East Hampton Adopts $81.9 Million Budget

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Peter Van Scoyac

The East Hampton Town Board unanimously approved an $81.9 million operating budget for 2020 that will hike the tax rate for residents by around 2 percent.

Spending will go up about 2.1 percent, but the amount to be raised by taxes, $54,523,947, is up by slightly less than 3.18 percent. Because of credits for under-budgeting last year and other allowances, the town will still be just below the state-mandated cap on tax levy increases of 2 percent.

The budget adopted on Tuesday afternoon included only a few minor changes to a spending plan introduced by Supervisor Peter Van Scoyoc in September.

Two employees, a deputy tax receiver and a deputy clerk, got pay increases of about $3,500 and $5,000, respectively. An additional $20,000 was put into the budget for contracted engineering services, since the budget eliminates the position of town engineer.

The budget also eliminates a proposed “greeter” who was to be stationed in the entryway of Town Hall to direct visitors. The $25,000 salary is dropped from the adopted budget.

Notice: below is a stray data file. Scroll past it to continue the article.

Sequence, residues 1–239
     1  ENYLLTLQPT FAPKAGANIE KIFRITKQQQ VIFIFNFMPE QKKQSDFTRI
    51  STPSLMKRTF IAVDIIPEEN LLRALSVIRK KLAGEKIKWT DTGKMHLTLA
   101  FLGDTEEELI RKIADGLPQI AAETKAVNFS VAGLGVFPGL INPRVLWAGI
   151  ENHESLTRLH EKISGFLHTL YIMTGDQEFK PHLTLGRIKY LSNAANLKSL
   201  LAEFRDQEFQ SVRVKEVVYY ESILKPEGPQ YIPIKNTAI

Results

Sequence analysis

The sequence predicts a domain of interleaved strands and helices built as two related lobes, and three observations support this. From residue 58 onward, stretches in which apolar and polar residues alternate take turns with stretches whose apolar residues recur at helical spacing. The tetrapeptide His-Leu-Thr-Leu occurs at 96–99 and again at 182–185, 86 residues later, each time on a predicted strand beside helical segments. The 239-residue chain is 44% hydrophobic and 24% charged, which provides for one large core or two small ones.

About $67,500 was added to the budget for chargebacks for billings from the town’s independent special funds, like the airport and Highway Department.

In all, the budget increased by about $108,000.

The elimination of the $94,000 in base salary for a town engineer’s position had drawn some criticism from the community. Some residents have approached the board in recent weeks with concerns about the loss of institutional knowledge and understanding of some of the town’s more esoteric land-use issues, like old filed maps and urban renewal roads, that could result from not having Tom Talmage on duty in town offices.

Mr. Talmage, the first full-time engineer employed by the town, himself lamented the elimination of the position after 18 years at Town Hall as something that will inconvenience town planners. “I’m always here for them and I’m here for the public,” he said in his office on Monday.

“I think it’s a mistake,” he added, “but I’m not fighting it.”

Mr. Van Scoyoc has said he saw having a full-time engineer as unnecessary now that large subdivisions are rare and contracted engineers are used for the planning of most large-scale projects.

In the weeks after the budget was introduced, some other Town Board members had voiced a desire to restore the engineer’s post in the 2020 budget, but no objections were raised on Tuesday prior to the board’s vote.

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